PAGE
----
Of course, cities need police officers, firefighters, teachers. But as long as they can get the labor they need from somewhere nearby, some economists say, middle-class shrinkage may not hurt. In Southern California, developers import construction workers from Las Vegas and put them up in hotels; costs go up but rich clients can pay. Firefighters who want to live in high-priced cities can work two jobs, said W. Michael Cox, chief economist for the Federal Reserve Bank of Dallas. “I think it’s great,” he said. “It gives you portfolio diversification in your income.” Pay for essential workers like plumbers and cabdrivers will tend to go up, he said.

Professor Glaeser said: “There’s no obvious smoking gun saying cities will be substantially worse off. There’s a whole lot of America that does a very good job of taking care of the middle class. The great sprawling edge cities of the American hinterland provide remarkably cheap housing, fast commutes, decent public services and incredibly cheap products available in big box stores. As a New Yorker, I understand the view that exile from New York is consignment to hell; but that’s not accurate. The majority of middle-class people that have moved out have presumably found themselves better lives out there.”

But sociologists and many economists believe that there can be non-economic consequences for cities that lose a lot of middle-income residents. The disappearance of middle-income neighborhoods can limit opportunities for upward mobility, the authors of the Brookings study said. It becomes harder for lower-income homeowners to move up the property ladder, buy into safer neighborhoods, send their children to better schools and even make the kinds of personal contacts that can be a route to better jobs. The Brookings study, which defined moderate-income families as those with incomes between 80 and 120 percent of the median for each area, found that the percentage of middle-income neighborhoods in the 100 largest metropolitan areas had dropped to 41 percent from 58 percent between 1970 and 2000. Only 23 percent of central city neighborhoods in 12 large metropolitan areas were middle income, down from 45 percent in 1970.

Meanwhile, New York University researchers reported last month that the number of apartments affordable to households making 80 percent of the median household income in New York City dropped by a fifth between 2002 and 2005. Nationally, median household income ranges from just above $20,000 in Miami to around $40,000 in New York and Boston and about $60,000 in San Francisco.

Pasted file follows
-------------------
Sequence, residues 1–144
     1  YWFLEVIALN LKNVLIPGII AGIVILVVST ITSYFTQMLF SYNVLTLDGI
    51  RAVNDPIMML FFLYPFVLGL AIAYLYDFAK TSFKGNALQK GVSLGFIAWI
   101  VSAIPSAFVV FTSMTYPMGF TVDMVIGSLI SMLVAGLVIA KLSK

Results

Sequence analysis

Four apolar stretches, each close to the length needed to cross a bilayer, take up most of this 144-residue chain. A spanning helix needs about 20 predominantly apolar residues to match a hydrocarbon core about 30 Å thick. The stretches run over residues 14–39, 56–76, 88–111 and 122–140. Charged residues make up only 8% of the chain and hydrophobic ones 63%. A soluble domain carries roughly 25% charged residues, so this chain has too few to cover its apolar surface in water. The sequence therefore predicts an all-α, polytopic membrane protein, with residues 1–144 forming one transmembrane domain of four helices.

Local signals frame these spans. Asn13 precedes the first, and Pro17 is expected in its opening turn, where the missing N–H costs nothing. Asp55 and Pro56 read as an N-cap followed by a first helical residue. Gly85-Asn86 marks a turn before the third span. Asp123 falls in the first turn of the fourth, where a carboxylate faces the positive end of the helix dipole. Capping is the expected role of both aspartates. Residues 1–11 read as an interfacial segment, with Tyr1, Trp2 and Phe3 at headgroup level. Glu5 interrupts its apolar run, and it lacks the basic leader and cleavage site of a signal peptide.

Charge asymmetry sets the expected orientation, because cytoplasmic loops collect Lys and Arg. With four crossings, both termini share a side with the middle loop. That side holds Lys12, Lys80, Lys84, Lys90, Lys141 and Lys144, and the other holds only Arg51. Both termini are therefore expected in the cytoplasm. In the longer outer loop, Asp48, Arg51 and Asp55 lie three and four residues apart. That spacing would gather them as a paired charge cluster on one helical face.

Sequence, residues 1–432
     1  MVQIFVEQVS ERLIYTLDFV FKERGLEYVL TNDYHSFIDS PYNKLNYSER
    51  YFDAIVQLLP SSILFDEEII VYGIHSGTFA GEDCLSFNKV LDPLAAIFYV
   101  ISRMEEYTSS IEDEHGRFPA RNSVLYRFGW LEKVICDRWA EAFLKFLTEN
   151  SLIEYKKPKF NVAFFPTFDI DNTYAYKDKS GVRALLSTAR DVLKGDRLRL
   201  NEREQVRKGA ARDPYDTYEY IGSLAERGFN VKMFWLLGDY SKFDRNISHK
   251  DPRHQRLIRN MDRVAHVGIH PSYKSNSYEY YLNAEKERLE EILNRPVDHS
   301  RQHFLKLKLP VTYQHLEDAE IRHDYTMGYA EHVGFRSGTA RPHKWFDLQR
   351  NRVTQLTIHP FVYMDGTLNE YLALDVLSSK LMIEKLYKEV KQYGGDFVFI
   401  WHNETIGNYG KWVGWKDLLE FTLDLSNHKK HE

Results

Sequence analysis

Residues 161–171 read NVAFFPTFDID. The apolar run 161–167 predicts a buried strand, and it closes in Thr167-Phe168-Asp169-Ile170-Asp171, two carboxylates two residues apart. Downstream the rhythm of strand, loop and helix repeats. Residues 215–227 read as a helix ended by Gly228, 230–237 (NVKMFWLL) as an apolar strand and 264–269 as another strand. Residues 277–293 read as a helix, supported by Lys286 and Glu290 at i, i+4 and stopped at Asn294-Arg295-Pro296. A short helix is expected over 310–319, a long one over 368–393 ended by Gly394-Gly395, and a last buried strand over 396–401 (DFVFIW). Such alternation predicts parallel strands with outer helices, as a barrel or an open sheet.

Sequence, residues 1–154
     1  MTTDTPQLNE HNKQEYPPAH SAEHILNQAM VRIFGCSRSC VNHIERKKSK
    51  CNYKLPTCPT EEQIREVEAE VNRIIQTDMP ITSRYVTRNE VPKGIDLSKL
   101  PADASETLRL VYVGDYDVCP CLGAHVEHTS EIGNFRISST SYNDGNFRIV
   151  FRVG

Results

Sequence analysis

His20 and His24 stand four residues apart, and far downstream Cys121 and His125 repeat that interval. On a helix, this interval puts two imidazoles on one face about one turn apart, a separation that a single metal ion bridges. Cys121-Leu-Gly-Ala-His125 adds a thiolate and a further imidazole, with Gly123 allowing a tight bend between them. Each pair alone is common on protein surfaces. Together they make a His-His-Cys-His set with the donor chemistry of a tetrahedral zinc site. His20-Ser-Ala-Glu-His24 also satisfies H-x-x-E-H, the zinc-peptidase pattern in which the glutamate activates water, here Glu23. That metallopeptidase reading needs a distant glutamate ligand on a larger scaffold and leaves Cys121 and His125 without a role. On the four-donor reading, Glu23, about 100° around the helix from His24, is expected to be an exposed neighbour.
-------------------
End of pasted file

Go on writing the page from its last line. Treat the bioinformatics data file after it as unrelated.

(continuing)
With a dwindling middle class, rich and poor become more separate. Alan Berube, an author of the Brookings study, said a two-tiered marketplace can develop: Whole Foods for the upper classes, bodegas for the lower, with no competition from stores courting the middle. “If the two models are check cashers on the one hand and major national financial institutions on the other, who’s thinking about how to hold down costs for the basic consumer?” he asked.

School systems may suffer, too. While some upper-middle-class families rely on the public schools, many that can afford private-school education opt out. Urban school systems tend to be dominated by middle- and lower-income families. Middle-income parents have the ability and leverage to demand improvements. Similarly, studies show that lower-income students benefit by being in economically mixed schools.

Politics can become polarized without the moderating force of an engaged middle, sociologists and economists said. And while cities can import middle-level workers, there is a cost in productivity, family time and other intangibles.

“People have a stake in the place that they’re living in,” said Chris Mayer, a professor at Columbia Business School. “If you have a police and firefighting force saving their city as opposed to somebody else’s city, it makes a difference. In the same sense, local shopkeepers just seem to be better. What happened on 9/11 was really about ‘our city.’ ”

Mr. Mayer, who recently moved with his wife and three young children to New York, said he believed that it was important for children to grow up in a place that is racially, ethnically and economically diverse. He calls those places more vibrant. In most places, the upper middle class is less diverse than the middle, he said. New York would be less attractive to him without its still-expansive and lively middle.

“This trend toward living and interacting with people who are like you is intensifying a lot,” said Professor Gyourko, who lives in the affluent suburb of Swarthmore, Pa. “I do not meet the full range of incomes and social classes within my neighborhood. Well, think about what happens if metropolitan areas like New York, San Francisco and the like turn into my suburb. You’ll have even less interaction. The most interesting and potentially foreboding implication of this sorting is that it changes the way we view life.”

Copyright 2006 The New York Times Company

Women who seek to be equal with men lack ambition.

AshyLarry

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Re: Post Your Interesting News Articles Here